Copper hydroxychloride in diets fed to weanling pigs improves performance and health
Copper is an essential element in diets for pigs, and it can be provided in a number of different forms. Copper hydroxychloride is less likely to react with other vitamins and minerals in a premix than the more commonly used copper sulfate, but research on its effects when fed to pigs is limited. Results of recent research at the University of Illinois indicate that including copper hydroxychloride in diets fed to weanling pigs improves growth performance and reduces diarrhea.
Hans H. Stein, professor in the Department of Animal Sciences and the Division of Nutritional Sciences at U of I, conducted three experiments, along with Ph. D. student Charmaine Espinosa and Scott Fry and James Usry of Micronutrients USA LLC. The copper hydroxychloride product tested in the experiments was Micronutrients’ IntelliBond C. The team published their findings in a recent issue of the Journal of Animal Science.
In the first experiment, they compared weanling pigs fed diets containing 150 mg/kg copper in the form of copper hydroxychloride with pigs fed control diets containing only enough copper to meet dietary requirements. The pigs in the copper hydroxychloride group had a greater final body weight, average daily feed intake, and average daily gain over the 28-day experimental period than the control pigs. Pigs fed copper hydroxychloride also had less frequent and less severe diarrhea than control pigs.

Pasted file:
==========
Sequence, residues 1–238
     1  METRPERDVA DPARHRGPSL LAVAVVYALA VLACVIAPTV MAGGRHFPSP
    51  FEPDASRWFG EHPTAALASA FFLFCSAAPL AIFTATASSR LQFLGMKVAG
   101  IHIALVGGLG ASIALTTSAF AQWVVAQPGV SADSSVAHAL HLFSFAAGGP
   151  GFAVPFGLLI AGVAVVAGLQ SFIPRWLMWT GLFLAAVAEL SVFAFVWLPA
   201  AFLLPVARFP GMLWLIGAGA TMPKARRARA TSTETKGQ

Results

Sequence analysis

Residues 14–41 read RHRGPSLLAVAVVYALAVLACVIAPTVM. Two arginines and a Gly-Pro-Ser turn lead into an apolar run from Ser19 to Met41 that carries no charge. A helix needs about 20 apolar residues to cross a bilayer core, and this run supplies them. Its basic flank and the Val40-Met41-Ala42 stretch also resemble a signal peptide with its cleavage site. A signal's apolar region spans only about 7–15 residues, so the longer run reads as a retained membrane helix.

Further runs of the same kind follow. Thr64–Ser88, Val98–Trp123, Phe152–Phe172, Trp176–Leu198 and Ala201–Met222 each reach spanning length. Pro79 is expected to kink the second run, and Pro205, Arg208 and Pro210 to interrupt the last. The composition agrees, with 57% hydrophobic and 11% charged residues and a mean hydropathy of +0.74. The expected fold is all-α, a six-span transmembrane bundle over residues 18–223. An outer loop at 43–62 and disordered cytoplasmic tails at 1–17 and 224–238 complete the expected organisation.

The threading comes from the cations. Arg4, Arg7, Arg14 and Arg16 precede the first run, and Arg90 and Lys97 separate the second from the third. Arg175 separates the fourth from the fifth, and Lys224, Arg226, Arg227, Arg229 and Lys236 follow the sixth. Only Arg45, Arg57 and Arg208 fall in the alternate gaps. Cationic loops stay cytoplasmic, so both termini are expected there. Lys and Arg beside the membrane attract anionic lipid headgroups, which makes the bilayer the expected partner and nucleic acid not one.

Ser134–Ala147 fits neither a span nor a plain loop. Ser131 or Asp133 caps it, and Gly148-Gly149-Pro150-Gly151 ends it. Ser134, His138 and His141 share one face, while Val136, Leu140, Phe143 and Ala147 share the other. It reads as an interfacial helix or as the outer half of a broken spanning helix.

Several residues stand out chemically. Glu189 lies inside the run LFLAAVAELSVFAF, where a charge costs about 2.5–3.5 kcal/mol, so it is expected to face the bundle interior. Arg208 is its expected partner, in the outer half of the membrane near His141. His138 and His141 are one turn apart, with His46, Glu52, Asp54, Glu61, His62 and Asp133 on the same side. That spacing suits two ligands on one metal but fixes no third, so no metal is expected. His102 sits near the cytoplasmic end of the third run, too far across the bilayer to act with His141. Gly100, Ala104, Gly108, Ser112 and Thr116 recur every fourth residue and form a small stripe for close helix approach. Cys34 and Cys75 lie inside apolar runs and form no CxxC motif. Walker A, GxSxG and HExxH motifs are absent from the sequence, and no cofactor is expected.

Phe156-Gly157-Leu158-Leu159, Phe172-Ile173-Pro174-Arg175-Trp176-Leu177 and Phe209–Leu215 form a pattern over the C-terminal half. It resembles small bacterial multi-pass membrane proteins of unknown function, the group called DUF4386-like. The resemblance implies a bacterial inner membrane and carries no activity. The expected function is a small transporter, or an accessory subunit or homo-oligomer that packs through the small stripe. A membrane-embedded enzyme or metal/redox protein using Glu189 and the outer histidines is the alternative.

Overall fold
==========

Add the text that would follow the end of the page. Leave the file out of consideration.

Another experiment confirmed the results of the first. Pigs were fed a control diet as in the first experiment, or a diet containing 100 or 200 mg/kg copper hydroxychloride. Pigs fed either of the copper hydroxychloride diets had greater final body weight and less severe diarrhea compared with pigs fed the control diet.
“We know that supplementing copper above their nutritional requirement improves growth performance, but it’s not clear why,” says Stein. “Our hypothesis was that the improvement in growth performance might be due to greater digestibility of gross energy and fat.”
Stein’s team fed the control diet and the 100 or 200 mg/kg copper hydroxychloride diets to weanling pigs for 28 days, and calculated the digestibility of gross energy, ash, and fat. They observed no difference in energy or nutrient digestibility between pigs fed diets containing copper hydroxychloride and pigs fed the control diet.
The results didn’t bear out their hypothesis, says Stein, adding that further research is needed to determine the mode of action of copper hydroxychloride in diets fed to weanling pigs.
Fry says the growth performance results are consistent with what his company has seen in more than five trials conducted in the U.S. and EU over the last few years. “When we have looked at copper sources, we see pigs fed copper hydroxychloride are, on average, over 850 g bigger than pigs fed copper sulfate. The cost to switch sources are minimal: less than five cents per pig in U.S. dollars.”